Personal Injury Attorney, Ben Schwartz, is going to address the age-old question, “How much are you suing for?” Ben has noticed a trend over the years. Whenever talking to someone about a personal injury lawsuit that might be filed, the first question is always “How much are you suing for?” It’s a question that he has never been able to figure out how to answer because, in the state of Delaware, you don’t sue for a particular amount of money when it comes to pain, suffering, and damages. Most people don’t realize this.
I’m Attorney Ben Schwartz,
Today we’re going to address the age-old question of, “How much are you suing for?” As you may know, if you have been watching these videos, I’m a personal injury lawyer and have my main offices in the state of Delaware. Although I get Maryland personal injury cases, some of the other attorneys in my firm handle Pennsylvania and New Jersey too. The bulk of our personal injury cases are in Delaware.
I have noticed a trend over the years. Whenever I’m talking to someone about a personal injury lawsuit that maybe we filed, the first question is always “How much are you suing for?” It’s a question that I have never been able to figure out how to answer because in the state of Delaware, you don’t sue for a particular amount of money when it comes to pain and suffering damages and I think most people don’t realize this.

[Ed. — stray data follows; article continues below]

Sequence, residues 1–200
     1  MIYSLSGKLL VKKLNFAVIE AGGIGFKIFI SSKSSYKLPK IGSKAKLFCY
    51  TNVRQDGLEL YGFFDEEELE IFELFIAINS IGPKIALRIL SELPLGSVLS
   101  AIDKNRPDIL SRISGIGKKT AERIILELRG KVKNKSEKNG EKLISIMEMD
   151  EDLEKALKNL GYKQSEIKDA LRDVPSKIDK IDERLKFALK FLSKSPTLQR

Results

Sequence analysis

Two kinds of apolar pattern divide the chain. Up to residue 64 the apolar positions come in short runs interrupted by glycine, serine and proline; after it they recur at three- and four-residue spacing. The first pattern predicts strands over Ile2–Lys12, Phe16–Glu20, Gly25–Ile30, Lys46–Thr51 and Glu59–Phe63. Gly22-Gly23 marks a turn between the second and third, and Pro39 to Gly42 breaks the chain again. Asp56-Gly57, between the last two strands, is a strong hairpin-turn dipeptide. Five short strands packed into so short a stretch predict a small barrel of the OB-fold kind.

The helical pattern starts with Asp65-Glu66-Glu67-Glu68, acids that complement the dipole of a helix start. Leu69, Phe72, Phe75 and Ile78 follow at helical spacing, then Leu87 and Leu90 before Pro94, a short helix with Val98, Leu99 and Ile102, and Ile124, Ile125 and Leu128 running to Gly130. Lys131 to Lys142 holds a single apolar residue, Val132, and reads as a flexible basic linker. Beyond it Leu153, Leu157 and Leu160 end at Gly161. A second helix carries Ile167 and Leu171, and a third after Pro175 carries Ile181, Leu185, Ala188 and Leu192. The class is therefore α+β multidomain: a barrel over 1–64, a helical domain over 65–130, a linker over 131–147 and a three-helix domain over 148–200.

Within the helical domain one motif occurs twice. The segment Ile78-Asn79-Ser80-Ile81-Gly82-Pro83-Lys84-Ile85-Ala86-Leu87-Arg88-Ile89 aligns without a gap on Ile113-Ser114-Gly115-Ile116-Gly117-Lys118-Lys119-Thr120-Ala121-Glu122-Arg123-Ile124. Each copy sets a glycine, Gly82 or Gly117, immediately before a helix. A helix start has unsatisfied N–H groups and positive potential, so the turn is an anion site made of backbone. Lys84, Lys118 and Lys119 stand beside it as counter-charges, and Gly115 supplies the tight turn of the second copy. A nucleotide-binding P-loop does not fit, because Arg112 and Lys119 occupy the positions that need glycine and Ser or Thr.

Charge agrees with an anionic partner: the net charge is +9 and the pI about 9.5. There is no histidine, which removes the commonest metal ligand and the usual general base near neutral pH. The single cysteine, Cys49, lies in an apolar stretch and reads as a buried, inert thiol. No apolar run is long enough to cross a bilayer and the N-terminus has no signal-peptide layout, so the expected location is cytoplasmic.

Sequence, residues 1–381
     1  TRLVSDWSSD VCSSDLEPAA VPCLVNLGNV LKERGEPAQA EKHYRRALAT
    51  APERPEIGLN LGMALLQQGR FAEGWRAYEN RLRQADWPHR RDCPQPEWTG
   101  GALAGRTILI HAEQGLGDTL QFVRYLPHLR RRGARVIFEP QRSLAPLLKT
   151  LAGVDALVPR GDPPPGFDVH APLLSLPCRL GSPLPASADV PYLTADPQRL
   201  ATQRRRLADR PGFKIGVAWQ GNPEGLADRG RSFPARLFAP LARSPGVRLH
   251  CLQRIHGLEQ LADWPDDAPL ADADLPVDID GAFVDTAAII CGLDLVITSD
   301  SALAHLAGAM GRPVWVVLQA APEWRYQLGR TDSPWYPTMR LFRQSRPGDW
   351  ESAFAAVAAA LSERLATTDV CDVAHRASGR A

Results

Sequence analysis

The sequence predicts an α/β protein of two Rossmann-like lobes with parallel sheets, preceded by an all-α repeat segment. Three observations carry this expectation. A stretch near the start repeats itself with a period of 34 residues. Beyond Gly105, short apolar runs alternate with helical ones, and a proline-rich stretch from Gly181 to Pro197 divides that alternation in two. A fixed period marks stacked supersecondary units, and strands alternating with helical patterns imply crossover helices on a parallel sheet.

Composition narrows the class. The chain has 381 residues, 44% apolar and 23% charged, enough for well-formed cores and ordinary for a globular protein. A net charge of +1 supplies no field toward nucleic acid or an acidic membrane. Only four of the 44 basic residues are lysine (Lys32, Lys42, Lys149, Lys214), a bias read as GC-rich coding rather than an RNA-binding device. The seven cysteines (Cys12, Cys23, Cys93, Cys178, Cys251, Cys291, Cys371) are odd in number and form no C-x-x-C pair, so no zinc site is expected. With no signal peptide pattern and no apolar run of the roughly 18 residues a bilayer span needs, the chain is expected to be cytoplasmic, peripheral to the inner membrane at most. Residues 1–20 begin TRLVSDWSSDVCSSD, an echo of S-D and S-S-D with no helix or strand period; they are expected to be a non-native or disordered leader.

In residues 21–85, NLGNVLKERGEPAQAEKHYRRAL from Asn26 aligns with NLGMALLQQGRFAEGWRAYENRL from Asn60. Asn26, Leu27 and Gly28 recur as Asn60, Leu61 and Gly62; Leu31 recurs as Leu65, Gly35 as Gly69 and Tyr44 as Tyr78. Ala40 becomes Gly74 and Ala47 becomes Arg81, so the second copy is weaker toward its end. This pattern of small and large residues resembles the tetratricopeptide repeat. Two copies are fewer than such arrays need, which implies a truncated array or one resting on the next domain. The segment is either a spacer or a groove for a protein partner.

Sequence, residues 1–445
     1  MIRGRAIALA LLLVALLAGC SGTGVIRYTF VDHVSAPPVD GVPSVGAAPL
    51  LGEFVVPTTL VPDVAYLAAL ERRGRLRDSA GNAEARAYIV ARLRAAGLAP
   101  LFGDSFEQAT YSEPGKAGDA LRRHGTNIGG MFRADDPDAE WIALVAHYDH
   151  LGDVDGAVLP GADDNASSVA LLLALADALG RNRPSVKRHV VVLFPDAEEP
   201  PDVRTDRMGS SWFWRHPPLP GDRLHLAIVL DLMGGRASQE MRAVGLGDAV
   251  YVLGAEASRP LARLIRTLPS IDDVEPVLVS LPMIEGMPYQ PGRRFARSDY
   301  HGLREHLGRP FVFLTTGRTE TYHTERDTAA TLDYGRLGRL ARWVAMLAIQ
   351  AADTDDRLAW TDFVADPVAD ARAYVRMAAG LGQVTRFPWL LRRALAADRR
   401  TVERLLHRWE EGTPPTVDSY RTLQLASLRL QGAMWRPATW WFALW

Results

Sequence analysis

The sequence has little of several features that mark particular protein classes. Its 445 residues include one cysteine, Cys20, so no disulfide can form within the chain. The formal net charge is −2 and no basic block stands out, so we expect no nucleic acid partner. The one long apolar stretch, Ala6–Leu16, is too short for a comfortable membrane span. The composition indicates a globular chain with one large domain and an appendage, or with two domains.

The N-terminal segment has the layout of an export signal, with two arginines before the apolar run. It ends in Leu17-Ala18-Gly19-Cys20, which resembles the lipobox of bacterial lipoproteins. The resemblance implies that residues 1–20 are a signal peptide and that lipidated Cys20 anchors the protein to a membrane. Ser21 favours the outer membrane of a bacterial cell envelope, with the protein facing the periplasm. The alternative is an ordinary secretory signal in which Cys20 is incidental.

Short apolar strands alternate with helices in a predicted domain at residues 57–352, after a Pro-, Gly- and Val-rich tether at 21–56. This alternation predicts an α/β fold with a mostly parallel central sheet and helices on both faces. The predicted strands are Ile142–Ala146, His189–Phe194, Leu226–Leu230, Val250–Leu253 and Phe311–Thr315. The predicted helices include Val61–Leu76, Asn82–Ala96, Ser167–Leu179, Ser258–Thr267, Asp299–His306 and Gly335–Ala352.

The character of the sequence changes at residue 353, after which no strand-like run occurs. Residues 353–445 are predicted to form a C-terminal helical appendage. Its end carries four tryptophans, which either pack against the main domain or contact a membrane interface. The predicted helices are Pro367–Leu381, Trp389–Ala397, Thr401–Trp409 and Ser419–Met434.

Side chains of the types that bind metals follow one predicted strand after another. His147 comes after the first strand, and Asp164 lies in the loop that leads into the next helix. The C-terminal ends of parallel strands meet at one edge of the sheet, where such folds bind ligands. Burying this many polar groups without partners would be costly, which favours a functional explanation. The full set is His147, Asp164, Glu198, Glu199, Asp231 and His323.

You may be suing for your past medical expenses; you can put a dollar number on that. You may be suing for your future medical expenses and you can hang a dollar sign on that if you get an estimate from an expert. You may be suing for your lost wages; you can put a dollar on that. When it comes to personal injury claims and pain and suffering claims, in particular, you can’t put a dollar sign on it.
When I go to trial and I’m presenting the case to the jury, I can’t tell the jury what that pain and suffering claim is worth. I can’t say I think that in other cases like this that I’ve handled, based on other comps, this case should be worth $650,000 dollars. I don’t get to make that statement to the jury. I just give the jury the evidence, paint the picture of my client’s life before the accident, after the accident, and let the jury decide.
I think that is something that is probably unique in Delaware. Most states are not that way. I think in most states you can hang a dollar figure on it. In most states you may even be able to say to the jury, “Here is how much we are suing for…” and in Delaware, it’s different. It’s a frustrating thing from my perspective, because not only does everyone always ask me, “Hey Ben, how much are we suing for?” I have to say to my clients, “I don’t know. I have no idea how much we are suing for; it is whatever the jury’s going to award to us.” So, it’s a strange little wrinkle of Delaware law.
I hope you found this to be informative. If you have questions about Delaware law, please feel free to send me an email. Thanks for watching!